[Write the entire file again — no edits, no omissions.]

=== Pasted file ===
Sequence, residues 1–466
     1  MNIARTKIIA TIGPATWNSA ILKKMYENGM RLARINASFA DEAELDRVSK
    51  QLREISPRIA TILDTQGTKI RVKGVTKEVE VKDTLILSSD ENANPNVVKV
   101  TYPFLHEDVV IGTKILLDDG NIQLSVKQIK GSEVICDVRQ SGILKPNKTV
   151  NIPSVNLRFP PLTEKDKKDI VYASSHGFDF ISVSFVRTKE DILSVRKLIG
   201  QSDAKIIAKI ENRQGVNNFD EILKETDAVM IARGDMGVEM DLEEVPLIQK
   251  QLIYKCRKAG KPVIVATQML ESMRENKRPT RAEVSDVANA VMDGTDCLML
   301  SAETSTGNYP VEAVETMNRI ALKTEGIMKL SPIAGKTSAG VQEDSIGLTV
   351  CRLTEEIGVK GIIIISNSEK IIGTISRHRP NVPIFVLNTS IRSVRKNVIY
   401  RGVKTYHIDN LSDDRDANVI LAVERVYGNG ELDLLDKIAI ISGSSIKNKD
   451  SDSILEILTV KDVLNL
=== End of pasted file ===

Sequence, residues 1–466
     1  MNIARTKIIA TIGPATWNSA ILKKMYENGM RLARINASFA DEAELDRVSK
    51  QLREISPRIA TILDTQGTKI RVKGVTKEVE VKDTLILSSD ENANPNVVKV
   101  TYPFLHEDVV IGTKILLDDG NIQLSVKQIK GSEVICDVRQ SGILKPNKTV
   151  NIPSVNLRFP PLTEKDKKDI VYASSHGFDF ISVSFVRTKE DILSVRKLIG
   201  QSDAKIIAKI ENRQGVNNFD EILKETDAVM IARGDMGVEM DLEEVPLIQK
   251  QLIYKCRKAG KPVIVATQML ESMRENKRPT RAEVSDVANA VMDGTDCLML
   301  SAETSTGNYP VEAVETMNRI ALKTEGIMKL SPIAGKTSAG VQEDSIGLTV
   351  CRLTEEIGVK GIIIISNSEK IIGTISRHRP NVPIFVLNTS IRSVRKNVIY
   401  RGVKTYHIDN LSDDRDANVI LAVERVYGNG ELDLLDKIAI ISGSSIKNKD
   451  SDSILEILTV KDVLNL